It’s the economy too

Last January, President Bush delivered a State of the Union address that focused on our successes in the war on terrorism and our progress in Iraq. I thought it was an excellent and powerful speech. The public did not. Polls showed that Bush actually lost ground in the days immediately following. One generally accepted reason was the public’s concern over the economy, about which the president talked briefly and ineffectively.
So far, the big-ticket speeches at the Republican convention have dealt almost exclusively with foreign policy and the war on terrorism. Apparently, yesterday was supposed to be about domestic issues, but Arnold had very little to say about the current state of the economy other than to assert that it has come back. His admonition not to be economic “girlie men” was a good line, and apt. But once the glow of Arnold recedes, it will not satisfy swing voters with economic concerns. Laura Bush had an effective few minutes talking about domestic issues, but it was only by way of transition to her main topics, terrorism and 9/11.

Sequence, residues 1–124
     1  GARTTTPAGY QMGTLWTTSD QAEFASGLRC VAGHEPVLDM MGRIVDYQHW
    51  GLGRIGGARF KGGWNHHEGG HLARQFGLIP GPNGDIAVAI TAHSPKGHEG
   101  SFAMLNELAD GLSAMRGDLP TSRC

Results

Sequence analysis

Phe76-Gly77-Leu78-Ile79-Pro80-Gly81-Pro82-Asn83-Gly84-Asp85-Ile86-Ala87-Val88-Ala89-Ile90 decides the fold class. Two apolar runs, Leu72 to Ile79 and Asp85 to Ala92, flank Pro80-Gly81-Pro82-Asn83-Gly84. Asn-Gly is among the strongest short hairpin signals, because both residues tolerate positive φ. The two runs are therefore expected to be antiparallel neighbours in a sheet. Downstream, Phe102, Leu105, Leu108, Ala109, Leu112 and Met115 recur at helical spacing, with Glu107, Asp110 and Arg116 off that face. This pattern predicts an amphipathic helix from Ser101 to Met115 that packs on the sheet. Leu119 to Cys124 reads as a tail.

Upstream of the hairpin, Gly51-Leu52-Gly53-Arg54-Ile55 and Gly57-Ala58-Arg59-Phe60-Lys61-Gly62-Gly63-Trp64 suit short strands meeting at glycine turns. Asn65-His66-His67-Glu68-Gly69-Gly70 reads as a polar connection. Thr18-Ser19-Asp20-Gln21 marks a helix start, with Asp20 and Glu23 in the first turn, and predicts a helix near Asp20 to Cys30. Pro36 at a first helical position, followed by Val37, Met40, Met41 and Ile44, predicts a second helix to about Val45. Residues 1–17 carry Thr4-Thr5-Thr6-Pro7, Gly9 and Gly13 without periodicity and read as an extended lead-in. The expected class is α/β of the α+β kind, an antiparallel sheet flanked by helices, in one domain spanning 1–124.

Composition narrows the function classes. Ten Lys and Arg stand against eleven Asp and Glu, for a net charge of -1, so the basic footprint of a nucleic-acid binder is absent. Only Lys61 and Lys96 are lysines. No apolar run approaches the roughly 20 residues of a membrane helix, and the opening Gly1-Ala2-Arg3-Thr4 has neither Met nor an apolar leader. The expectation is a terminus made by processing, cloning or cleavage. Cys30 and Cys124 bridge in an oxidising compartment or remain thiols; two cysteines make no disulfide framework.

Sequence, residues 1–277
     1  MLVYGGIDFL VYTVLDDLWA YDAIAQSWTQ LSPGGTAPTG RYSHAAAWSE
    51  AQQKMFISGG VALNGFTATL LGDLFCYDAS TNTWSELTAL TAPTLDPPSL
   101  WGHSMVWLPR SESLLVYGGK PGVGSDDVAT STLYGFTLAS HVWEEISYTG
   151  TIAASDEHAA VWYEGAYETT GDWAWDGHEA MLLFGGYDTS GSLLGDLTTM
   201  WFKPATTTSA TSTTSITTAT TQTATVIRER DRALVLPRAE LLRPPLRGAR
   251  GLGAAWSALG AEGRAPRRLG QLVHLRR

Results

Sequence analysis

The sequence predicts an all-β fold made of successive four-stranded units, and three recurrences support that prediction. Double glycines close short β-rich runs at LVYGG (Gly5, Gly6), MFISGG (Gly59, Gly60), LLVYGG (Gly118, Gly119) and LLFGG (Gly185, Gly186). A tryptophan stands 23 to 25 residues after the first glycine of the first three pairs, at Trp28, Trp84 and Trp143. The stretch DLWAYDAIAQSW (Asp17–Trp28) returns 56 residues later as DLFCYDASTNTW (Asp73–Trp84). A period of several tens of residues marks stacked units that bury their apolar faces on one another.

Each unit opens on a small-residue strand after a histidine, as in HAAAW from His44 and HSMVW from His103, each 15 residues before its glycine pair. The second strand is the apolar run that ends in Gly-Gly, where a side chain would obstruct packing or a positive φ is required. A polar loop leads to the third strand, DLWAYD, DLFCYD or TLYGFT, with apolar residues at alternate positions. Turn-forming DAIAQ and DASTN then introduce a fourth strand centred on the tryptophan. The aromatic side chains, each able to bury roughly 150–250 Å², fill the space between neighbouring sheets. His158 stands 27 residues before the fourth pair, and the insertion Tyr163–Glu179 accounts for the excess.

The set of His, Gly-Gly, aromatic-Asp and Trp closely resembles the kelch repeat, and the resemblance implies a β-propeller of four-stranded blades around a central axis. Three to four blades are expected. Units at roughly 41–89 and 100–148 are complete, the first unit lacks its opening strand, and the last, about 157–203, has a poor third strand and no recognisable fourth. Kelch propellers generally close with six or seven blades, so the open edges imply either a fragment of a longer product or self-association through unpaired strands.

The Republicans have a decent story to tell about the economy. Bush inherited a recession, the economy was jolted by 9/11 and corporate scandals, but now, following the Bush tax cuts, it has bounced back. But the story needs to be told and (at least as to the last point) substantiated with numbers. Viewers, it seems to me, need to hear that in the past year we have experienced historically high economic growth numbers as well as rapid and substantial job creation. Some of this is in the president’s stump speech, so viewers may hear about it on Thursday. I’d like for them to start hearing about it tonight.


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